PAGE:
Buttigieg sat down with a mug of black coffee and ordered a chicken-fried steak Benedict, slathering it with Sriracha after his first bite; he leaned heavily into the plate to protect his trademark ensemble of a white dress shirt with blue tie. Halfway through the meal, a server rang a bell to announce that everyone was in the presence of a Red Arrow virgin, the traditional welcome for first-timers to the restaurant (Hillary Clinton excepted). Presented with stickers that declared “I’ve Been De-virginized at the Red Arrow Diner,” Buttigieg gamely slapped one onto his chest.
After signing some mugs and taking a few more photos, about 40 minutes after he arrived, Buttigieg was gone. Lemay, the general manager, breathed a sigh of relief. “That was a long time,” she said. According to her, most visits last around 10 minutes and are purely for the upfront photo op. Few candidates stay long enough to squeeze past the counter for facetime with the kitchen staff, and Buttigieg had made the rare move of concluding his visit by taking photos with the back of house.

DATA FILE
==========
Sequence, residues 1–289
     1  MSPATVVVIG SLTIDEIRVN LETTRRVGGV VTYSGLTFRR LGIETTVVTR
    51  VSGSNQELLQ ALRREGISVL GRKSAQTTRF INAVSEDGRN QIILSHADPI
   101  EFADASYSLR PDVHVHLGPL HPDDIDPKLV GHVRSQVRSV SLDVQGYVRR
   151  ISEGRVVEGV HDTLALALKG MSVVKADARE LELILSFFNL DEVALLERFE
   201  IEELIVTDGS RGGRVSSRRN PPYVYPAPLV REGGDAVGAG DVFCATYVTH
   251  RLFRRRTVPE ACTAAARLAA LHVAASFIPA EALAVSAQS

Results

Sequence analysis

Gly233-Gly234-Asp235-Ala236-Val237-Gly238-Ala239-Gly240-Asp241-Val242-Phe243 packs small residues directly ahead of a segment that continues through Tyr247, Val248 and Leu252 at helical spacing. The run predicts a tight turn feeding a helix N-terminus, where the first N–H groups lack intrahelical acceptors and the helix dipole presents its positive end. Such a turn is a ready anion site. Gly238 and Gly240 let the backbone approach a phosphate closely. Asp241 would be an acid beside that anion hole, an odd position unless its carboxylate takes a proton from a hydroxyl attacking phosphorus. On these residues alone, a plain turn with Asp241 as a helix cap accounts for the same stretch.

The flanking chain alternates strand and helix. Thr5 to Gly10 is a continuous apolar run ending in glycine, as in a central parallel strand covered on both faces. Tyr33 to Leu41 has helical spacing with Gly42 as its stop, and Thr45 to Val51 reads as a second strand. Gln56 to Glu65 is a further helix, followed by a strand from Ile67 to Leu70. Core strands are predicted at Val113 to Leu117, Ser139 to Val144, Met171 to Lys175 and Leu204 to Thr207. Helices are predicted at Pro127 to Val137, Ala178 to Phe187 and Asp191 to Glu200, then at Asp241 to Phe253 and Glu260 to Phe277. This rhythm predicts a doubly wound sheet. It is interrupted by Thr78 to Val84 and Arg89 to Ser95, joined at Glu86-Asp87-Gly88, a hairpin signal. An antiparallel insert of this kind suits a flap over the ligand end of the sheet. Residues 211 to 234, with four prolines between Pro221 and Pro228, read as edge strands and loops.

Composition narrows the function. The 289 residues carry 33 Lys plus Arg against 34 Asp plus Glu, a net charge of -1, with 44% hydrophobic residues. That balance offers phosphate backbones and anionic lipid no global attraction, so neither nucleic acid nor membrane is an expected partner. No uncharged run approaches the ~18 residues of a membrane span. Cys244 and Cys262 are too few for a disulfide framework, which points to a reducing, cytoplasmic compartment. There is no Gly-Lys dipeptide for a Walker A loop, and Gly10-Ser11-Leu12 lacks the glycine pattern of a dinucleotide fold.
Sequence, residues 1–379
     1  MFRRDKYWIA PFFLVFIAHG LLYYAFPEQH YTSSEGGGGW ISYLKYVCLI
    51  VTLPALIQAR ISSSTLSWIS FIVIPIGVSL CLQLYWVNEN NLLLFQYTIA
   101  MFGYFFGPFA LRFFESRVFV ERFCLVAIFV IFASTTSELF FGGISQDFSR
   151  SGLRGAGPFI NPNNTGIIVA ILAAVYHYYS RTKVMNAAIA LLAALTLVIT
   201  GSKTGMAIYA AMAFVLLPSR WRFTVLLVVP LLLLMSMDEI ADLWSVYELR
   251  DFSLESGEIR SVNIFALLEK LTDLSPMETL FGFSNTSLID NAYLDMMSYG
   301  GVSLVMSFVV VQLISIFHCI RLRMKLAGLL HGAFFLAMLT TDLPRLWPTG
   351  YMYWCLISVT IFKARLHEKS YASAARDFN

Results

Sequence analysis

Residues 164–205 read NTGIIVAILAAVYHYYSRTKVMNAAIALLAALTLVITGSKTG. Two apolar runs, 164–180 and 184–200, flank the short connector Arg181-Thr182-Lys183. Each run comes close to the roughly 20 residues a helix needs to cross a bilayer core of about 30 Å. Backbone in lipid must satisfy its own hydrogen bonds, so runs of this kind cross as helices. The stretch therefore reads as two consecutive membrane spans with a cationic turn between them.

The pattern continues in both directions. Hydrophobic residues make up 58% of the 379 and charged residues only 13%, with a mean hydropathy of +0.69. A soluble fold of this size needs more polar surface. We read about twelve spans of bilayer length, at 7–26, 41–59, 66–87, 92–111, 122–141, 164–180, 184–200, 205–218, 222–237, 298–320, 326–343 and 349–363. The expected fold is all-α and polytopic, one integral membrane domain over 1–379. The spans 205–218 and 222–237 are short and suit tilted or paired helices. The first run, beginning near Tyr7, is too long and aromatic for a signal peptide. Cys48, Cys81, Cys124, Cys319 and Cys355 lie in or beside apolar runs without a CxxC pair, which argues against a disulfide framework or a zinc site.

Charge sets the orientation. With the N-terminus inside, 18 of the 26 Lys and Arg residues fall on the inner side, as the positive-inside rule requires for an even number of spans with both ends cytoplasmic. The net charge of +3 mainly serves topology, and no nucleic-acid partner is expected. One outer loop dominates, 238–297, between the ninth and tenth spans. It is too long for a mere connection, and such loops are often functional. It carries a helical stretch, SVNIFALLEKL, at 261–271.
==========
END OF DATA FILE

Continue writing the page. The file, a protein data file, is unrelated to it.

“Knowing that someone like that was in the restaurant is pretty cool,” said Conor Trumble, who has been a cook at the Red Arrow for 10 years and was thrilled to meet the candidate. “I’m voting for Buttigieg,” said Trumble. “And my girlfriend is as well.”
John Heward, another cook, who has been working at the Red Arrow on and off for 20 years, had a different point of view. “I’d rather be cooking for Trump!”
Gary He is a photojournalist based in New York City.